Print versions available via Errant Bodies Press, DAP, or Amazon.

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table of contents

table of contents
list of figures

chapter one / soundmutesilence
1.0 heretofore unheard histories of air disturbances
1.1 sound itself
1.2 unheard of
1.3 breakdown
2.0 taciturntablism
2.1 reductio
2.2 mootmute
3.0 disquietude
3.1 this quiet
3.2 resisting arrest: the speechless body in motion

chapter two / soundmouthbody
1.0 mouthpores
1.1 mouth agape
1.2 frozen speech
2.0 flatus vocis: somatic winds
2.1 south winds
2.2 incontinence
2.3 exit wound
3.0 leaks: stories of the spit self

chapter three / soundtimeslanguage
1.0 utter the stutter
1.1 theperformanceofinarticulationandporosity
1.2 remainder
1.3 arrhythmia and claustrophilia
1.4 scream and run, run, run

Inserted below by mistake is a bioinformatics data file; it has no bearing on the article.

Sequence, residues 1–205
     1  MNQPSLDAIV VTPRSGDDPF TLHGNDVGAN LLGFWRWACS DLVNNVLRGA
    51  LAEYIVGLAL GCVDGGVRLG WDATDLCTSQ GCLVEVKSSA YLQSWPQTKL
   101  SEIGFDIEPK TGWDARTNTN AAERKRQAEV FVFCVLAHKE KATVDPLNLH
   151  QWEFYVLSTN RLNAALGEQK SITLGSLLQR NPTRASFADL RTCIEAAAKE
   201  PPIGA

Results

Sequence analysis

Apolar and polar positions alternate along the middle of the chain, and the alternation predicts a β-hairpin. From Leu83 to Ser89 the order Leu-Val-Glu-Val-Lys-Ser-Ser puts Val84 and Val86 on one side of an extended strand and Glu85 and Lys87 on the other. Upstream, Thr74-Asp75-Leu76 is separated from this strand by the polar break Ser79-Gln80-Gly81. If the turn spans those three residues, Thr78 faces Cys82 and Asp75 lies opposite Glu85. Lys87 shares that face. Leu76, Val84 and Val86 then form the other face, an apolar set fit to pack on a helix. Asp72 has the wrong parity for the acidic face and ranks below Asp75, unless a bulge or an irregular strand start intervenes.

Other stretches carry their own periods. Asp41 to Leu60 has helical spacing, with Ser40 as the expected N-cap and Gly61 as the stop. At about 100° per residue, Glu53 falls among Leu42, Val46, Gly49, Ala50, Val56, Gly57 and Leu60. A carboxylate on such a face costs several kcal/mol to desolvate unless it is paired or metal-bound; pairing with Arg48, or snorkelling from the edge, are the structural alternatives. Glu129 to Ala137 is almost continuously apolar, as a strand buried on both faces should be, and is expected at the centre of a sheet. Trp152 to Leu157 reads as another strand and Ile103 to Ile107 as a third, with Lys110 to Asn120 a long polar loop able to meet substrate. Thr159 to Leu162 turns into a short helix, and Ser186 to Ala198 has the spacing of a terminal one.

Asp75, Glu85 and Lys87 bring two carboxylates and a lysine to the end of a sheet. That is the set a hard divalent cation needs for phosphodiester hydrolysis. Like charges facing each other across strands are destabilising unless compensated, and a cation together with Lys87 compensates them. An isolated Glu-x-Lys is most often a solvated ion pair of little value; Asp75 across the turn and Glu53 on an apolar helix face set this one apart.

2.0 metronomics
2.1 vexations
2.2 furniture audience
2.3 it never ends

chapter four / soundspacebeyond
1.0 volume
1.1 of confinement and infinity
1.2 within
1.3 provisional place and speech
1.4 slippery threads
2.0 depthcharges
2.1 pneumatics
2.2 space is the place is the time is the song
2.3 frictions: sound objects and surfaces
2.4 ricochets
2.5 the announcement which stops the shot
3.0 as it empties out

1.0 statement on the state of sound art



Tempo, Vol. 69, No. 271, January 2015, pp. 97-98 (pdf), review by Stacey Sewell

The Senses & Society, Vol. 8 – Issue 3, 2013, pp. 354-358 (pdf), “Exploring Unsound Noises”, review by Nathan Heuvingh

Neural (2013).